why it was returned. Accepted packets will then be forwarded
to an Eligibility Review Panel (ERP). The ERP will review
application packets to ensure soldiers are able to come
on AGR status. Packets disqualified will be sent back
to the soldier along with a letter explaining the disqualification.
Various disqualification factors can be failing a physical,
not meeting time in service criteria, not being able to
meet the eligibility criteria of a MOS/Branch qualification
criteria, etc. Qualified application packets will then
be sent to a Suitability Review Panel (SRP). The SRP will
select the soldiers for each position. An Order of Merit
List (OML) will be created for each position that will
rank soldiers in the order they scored during the SRP.
The SRP recommendations and OML will be forwarded to The
Adjutant General (TAG) where each AGR position resides.
Upon TAG approval, the respective state AGR office will
notify the soldiers who received the highest score for
each position that they have been selected. If a soldier
refuses or is unable to accept the position the soldier
with the next highest score on the OML for will be notified.
The OML will be used until each position is filled. Once
all positions are filled the OML will become void. There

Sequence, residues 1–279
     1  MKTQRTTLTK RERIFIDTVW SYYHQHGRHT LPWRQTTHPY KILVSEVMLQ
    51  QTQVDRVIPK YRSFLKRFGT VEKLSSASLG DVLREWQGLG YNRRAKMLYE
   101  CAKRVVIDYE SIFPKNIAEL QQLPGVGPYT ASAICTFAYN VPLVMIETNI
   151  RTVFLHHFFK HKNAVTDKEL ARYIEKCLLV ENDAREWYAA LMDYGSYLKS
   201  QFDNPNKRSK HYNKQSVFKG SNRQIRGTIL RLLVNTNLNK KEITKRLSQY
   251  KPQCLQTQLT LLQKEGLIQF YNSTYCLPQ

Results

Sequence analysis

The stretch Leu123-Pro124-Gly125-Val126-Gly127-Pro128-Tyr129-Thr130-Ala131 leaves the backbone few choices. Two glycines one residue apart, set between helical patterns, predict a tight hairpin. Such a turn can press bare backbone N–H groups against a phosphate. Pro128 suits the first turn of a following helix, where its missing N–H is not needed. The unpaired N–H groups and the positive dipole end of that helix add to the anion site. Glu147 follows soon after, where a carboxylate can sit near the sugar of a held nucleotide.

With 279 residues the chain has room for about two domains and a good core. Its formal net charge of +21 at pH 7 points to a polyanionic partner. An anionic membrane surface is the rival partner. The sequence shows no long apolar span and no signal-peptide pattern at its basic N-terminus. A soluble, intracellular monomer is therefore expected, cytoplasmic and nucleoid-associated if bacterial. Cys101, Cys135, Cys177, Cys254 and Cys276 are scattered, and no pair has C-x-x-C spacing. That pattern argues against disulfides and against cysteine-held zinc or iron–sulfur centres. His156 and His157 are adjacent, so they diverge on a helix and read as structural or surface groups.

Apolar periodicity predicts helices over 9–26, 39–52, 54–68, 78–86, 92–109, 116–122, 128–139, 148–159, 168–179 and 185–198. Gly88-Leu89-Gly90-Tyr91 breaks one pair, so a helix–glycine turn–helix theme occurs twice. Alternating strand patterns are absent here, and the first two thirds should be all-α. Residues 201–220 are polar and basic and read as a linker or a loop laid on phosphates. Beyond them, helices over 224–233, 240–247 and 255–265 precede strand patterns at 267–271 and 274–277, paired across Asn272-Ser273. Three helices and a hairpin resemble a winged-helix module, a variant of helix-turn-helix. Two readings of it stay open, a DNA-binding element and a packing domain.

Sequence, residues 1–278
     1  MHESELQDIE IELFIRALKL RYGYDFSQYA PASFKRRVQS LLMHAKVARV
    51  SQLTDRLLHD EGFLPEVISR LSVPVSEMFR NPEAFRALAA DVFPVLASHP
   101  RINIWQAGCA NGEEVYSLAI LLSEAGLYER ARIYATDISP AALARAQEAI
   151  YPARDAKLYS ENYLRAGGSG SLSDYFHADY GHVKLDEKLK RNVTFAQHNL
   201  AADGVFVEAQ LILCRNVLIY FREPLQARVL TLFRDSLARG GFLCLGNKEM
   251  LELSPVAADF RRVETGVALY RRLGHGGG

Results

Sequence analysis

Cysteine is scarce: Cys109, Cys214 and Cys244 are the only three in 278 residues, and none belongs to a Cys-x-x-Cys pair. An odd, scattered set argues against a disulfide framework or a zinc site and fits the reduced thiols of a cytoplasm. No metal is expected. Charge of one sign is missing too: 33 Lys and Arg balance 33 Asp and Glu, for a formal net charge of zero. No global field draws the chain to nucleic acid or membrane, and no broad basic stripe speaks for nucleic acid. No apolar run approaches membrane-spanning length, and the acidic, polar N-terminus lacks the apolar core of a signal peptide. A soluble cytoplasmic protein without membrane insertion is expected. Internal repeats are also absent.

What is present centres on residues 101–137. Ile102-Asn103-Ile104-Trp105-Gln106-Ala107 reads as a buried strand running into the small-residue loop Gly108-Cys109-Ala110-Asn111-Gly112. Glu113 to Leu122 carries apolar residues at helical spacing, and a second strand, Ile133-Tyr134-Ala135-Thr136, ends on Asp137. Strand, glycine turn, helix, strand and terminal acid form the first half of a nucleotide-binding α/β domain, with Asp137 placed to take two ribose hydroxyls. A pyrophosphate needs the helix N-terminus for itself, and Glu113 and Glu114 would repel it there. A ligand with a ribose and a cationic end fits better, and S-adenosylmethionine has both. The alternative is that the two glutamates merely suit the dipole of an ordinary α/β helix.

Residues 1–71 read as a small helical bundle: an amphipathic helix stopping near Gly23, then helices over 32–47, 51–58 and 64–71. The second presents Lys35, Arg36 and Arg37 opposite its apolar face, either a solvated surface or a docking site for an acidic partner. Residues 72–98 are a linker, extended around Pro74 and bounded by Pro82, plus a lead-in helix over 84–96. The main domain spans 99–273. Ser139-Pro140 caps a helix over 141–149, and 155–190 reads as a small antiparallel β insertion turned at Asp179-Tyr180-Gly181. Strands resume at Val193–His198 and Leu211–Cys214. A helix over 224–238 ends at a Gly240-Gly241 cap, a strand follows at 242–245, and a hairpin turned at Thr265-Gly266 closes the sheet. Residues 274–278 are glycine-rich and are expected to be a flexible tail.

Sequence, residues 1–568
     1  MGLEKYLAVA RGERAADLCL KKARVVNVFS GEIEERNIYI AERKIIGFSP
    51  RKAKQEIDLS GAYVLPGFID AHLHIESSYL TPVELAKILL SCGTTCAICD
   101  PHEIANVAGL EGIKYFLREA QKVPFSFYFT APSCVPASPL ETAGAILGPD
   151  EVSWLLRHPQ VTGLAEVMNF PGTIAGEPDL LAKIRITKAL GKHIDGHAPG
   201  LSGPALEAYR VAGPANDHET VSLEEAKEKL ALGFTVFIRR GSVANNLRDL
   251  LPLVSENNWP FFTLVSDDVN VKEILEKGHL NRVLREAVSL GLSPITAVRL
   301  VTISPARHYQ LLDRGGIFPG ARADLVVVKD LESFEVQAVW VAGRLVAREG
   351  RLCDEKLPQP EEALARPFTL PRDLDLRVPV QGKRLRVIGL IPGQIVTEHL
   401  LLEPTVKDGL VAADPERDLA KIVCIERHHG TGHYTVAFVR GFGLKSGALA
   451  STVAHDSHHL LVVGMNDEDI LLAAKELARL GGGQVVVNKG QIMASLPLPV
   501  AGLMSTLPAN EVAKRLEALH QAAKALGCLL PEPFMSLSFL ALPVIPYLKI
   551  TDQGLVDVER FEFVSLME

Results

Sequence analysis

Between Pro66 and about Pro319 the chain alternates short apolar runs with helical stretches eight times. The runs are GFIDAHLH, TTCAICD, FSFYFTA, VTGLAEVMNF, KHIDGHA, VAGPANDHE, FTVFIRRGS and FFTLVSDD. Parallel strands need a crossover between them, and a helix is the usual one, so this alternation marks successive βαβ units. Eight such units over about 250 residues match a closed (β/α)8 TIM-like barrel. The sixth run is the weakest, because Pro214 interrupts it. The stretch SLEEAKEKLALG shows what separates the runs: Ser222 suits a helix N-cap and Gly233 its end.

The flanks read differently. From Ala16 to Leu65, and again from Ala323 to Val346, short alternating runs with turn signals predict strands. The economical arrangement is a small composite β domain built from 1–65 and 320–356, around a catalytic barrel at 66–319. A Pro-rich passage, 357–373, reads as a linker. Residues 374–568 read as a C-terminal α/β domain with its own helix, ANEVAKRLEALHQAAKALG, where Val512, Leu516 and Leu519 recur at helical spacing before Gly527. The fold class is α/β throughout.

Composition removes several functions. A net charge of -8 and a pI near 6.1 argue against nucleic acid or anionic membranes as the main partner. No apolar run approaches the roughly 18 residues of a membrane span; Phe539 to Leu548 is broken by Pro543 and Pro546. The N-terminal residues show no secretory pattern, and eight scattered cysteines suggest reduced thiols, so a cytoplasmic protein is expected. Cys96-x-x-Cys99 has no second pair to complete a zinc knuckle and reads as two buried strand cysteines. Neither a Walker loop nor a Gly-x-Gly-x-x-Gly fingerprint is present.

will be new OMLs created for each hiring period conducted.
Soldiers not selected will be notified by the respective
state that they were not selected. Applicants will have
the option to request that their packets be considered
for the next hiring period or have them returned. It is
up to the applicant to submit updated documents to applications
packets on file. Application packets will held no longer
then 1-year from original submission. A new application
packet will have to be submitted for further consideration.
Fast Fact Four of the first five U.S. Army divisions to
enter offensive operations during WWII were Guard divisions.
Q. What regulations govern the hiring of AGR soldiers? A.
AR 135-18, NGR 600-10 (Title 10) and NGR 600-5 (Title
32) govern the hiring of AGR soldiers.
Q. Where can I take a Chapter 2 or 3 physical? A. Chapter
3 physicals must be taken at an active military medical
facility, ARNG or USAR medical unit, or through the Federal
Strategic Alliance (FEDS_HEAL) Program. Army National
Guard soldiers will need to coordinate Chapter 3 physicals
through their unit. Army soldiers will receive a Chapter
3 physical upon ETS. The Chapter 2 is done at a Military
Entrance Processing Station (MEPS) or authorized Military
Installation. This is the same physical that you took
when you first entered military service. You must coordinate
the scheduling of these physicals with a local Army National
Guard recruiter. For assistance you can also call one
of our recruiting specialists at 1-800-GO-GUARD (1-800-464-8273).
Q. Who can apply for these positions?
A. All current and former military members from all branches
of service can apply. This includes soldiers currently
in an AGR status. Soldiers who are on an active duty status
in the Army, Marines, Navy, and Air Force will have to
be able to ETS and have the ability to report for scheduled
training and/or duty. If the soldier is selected and it
is determined that that these conditions can not be met,
the soldier will be removed from all current Order of